In the fall of 2012, Linda Heyn and her friend sat in a nigh deserted Waffle House off I-45 in Houston, Texas for a midnight meal. When two men entered the restaurant, guns in hand, and put everyone on the floor, Mrs. Heyn realized she needed to make a significant change in her life. One time playing the victim was enough; her handgun now accompanies her everywhere.
It does seem there’s something about Waffle House that draws violent criminals. Thankfully, there appears to be an armed customer present as well, more often than not. After reading her comment to the most recent Waffle House article on Liberty Nation, I reached out to Linda Heyn to get her story. It’s a story that, despite being six years old, was never reported. Of course, the establishment media wouldn’t be interested in a robbery thwarted by an armed customer with no fatalities, injuries, or even anything stolen.
We discussed the events of that night, the right to bear arms in general, and open vs concealed carry, among other things. We also explored what exactly it is that draws these people to that particular establishment. The best we could come up with is that it’s open all night, tends to be more or less deserted at certain times, and the abundance of windows makes it easy for those with criminal intent to scope out what they have to contend with before even entering the store.
Out of Sight, Out of Mind
Mrs. Heyn used to live in the area and never thought about how dangerous it could be. Most folk would acknowledge the constant possibility of violence, if asked, but we don’t tend to think about it unless something jars us out of our comfort zones and brings us face to face with the ugly truth. Attacks happen, and those who aren’t prepared are lucky if they survive. Oh sure, robberies and shootings occur, but they always happen to someone else – until you’re that someone. It’s an out of sight, out of mind problem.
Most violent attacks happen frighteningly quickly. The whole ordeal at the Waffle House – from the time the men entered the store to the time the police arrived – might have taken five minutes or ten. She said it felt like an eternity, but that was just the adrenaline; she knew it couldn’t have been very long. But from the moment she saw the assailants, Linda had mere moments before they were upon her.
A First-Hand Account
“I saw them come in. I saw what they were doing; I knew what they were doing. It was like a split-second, and one of them had me on the ground. He jerked me out of the booth and laid me on the ground and did the same thing to my friend. They had guns. There was a couple on the very far end, eating as well, and they did the same thing to them. Then they both jumped over the counter.”
In a matter of seconds Linda Heyn, her friend, and the couple at the other end of the store went from eating in peace to lying face down on the floor.
Once the few customers were taken care of, the men jumped over the counter, presumably to hit the register. Ironically, Mrs. Heyn had $400 cash sitting in her purse, right on top of her table – that’s most likely considerably more than was in the register at midnight.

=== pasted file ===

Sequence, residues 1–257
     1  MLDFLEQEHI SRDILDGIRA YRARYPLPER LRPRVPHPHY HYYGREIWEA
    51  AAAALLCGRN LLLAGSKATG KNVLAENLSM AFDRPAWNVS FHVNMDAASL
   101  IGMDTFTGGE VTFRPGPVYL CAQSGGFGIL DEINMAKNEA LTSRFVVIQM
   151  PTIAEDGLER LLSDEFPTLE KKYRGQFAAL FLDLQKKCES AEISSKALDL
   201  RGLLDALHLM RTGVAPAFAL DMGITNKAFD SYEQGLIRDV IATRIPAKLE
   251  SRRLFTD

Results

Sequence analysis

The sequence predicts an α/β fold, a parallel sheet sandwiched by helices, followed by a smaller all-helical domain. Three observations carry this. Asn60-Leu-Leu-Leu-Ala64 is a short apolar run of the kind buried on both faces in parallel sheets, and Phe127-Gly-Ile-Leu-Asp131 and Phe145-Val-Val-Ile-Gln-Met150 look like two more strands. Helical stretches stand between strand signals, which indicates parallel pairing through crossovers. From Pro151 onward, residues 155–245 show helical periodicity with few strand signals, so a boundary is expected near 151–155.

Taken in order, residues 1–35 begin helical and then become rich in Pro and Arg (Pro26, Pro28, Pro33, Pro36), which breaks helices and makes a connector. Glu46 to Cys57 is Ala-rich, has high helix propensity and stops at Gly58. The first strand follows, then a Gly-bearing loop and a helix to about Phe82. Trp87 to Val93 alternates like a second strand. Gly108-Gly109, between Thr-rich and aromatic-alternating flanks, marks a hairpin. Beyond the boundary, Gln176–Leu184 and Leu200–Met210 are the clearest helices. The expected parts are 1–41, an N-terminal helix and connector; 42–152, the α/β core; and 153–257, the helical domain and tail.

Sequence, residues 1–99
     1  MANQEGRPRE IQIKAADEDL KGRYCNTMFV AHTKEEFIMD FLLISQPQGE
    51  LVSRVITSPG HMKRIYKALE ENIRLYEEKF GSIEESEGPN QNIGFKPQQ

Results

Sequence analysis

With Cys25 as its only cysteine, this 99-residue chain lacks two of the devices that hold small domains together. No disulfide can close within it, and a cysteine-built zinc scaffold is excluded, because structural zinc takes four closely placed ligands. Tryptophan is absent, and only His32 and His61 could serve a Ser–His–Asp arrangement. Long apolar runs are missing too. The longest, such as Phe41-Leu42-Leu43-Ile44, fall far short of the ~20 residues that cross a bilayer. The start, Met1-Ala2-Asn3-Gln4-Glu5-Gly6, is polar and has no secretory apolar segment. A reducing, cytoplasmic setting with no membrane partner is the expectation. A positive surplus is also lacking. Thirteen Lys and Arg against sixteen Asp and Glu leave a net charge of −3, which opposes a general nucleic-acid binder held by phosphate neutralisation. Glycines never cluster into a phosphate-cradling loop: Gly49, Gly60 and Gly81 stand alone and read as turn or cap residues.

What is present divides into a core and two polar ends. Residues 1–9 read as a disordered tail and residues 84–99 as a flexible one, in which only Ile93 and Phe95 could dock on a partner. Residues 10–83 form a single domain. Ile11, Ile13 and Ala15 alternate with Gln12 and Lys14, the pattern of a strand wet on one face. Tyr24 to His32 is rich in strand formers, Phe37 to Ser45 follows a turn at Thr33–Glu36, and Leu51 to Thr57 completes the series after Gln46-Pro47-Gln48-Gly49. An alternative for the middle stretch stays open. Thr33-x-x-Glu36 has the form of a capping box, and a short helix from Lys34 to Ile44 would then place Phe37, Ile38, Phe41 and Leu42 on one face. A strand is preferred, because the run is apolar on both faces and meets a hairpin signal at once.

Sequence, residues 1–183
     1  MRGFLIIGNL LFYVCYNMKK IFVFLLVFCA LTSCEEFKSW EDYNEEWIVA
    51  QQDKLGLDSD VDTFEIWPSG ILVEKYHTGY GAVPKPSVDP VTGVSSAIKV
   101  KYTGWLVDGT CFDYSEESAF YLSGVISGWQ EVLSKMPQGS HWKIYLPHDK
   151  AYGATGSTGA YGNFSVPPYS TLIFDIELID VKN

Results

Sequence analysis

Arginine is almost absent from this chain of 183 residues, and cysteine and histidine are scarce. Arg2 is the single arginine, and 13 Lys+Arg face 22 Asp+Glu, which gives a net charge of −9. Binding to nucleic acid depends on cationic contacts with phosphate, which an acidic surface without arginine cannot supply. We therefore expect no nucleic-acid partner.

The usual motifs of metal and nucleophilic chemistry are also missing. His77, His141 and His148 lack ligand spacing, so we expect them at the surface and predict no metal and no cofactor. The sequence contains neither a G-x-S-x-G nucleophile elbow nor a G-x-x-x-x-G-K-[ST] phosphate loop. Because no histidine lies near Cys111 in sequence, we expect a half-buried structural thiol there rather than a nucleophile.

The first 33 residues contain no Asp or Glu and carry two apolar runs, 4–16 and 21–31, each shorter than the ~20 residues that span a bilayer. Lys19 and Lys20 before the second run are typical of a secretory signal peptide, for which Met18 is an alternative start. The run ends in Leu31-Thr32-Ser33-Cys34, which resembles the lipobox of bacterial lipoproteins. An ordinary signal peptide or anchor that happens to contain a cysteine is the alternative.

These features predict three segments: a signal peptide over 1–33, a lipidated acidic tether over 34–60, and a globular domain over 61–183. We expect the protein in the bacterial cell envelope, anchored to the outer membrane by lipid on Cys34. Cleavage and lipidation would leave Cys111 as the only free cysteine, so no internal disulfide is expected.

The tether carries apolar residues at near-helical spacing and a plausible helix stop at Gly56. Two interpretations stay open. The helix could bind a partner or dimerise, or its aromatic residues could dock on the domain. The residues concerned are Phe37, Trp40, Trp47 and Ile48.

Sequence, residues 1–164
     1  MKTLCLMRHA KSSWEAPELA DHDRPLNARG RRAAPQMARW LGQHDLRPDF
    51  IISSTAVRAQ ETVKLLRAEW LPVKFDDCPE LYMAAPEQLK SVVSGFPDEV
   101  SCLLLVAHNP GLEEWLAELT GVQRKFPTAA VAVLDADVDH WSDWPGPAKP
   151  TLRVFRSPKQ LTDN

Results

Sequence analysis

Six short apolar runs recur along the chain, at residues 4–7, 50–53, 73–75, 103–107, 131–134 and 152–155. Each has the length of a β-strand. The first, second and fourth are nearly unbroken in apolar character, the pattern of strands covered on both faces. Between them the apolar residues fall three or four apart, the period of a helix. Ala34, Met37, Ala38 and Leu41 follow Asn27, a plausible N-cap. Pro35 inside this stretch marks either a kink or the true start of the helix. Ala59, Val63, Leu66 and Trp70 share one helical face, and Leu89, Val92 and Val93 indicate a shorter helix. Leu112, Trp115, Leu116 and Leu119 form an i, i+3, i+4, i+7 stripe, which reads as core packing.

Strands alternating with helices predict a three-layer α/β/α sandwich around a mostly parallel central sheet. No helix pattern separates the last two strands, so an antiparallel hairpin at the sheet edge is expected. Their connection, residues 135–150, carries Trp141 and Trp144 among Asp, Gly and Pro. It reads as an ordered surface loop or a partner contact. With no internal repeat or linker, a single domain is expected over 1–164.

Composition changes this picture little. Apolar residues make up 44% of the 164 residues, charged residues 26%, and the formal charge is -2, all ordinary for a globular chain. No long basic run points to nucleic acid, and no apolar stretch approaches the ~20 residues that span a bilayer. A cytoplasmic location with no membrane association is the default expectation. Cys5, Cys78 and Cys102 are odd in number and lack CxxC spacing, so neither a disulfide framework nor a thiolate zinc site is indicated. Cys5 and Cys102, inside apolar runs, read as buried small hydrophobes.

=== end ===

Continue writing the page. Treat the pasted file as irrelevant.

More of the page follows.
Once the two assailants were focused on the register, the man at the other end of the restaurant acted:
“When they jumped over the counter, the gentleman on the other end stood up, pulled out his weapon, and started shooting.”
It was a harrowing experience, unlike anything she had experienced before, but Mrs. Heyn was able to get a laugh out of one thing – if only well after the fact. The very criminal who tried to rob the Waffle House manager was now cowering under the counter beside her! The other man ran out the back door and the armed customer fired after him but didn’t hit him. When he ran out of ammunition, the other would-be robber made a dash of his own out the back. The “good guy with a gun” reloaded, then ran out after them.
But Linda didn’t know that at the time.
“Bullets were flying over my head. I have never hugged the floor so close in my entire life.”
From her perspective at the time, two armed men had entered the store, put everyone on the ground, then jumped the counter and immediately started shooting. She just knew the gunmen were killing the employees and customers, and that the next bullet would be hers.
Lying on the floor, trying to become as much one with the tile as possible, Linda Heyn experienced a turning point in her life:
“I swore to God that I would never be laid in another nasty – excuse my language – ass floor ever again. And about two weeks later, I went down and got my concealed carry.”
Despite growing up in a family of Democrats, Linda bucked the traditions of her family and embraced conservatism. She had always been a pro-Second Amendment person; she just never really thought about the need for personal defense.
Although Texas allows open carry, you won’t see a big ‘ole hogleg strapped to Linda’s hip – that isn’t her style. “I still prefer to carry concealed,” she said. “I’m fixing to be 63 years old. I’m a little five-foot-tall woman, and I don’t want them to know that I’m carrying.”
Though she never had the chance to say so, Mrs. Heyn does appreciate the actions of her fellow diner that night. As far as she’s concerned, he’s a hero. “I would like to thank him,” she said. “I honestly believe he saved my life.”
As for whether she stuck with her decision to take her own security firmly in hand, she assured me she’s still packing: “I just renewed my concealed carry for another five years, and you won’t catch me being a victim again.”
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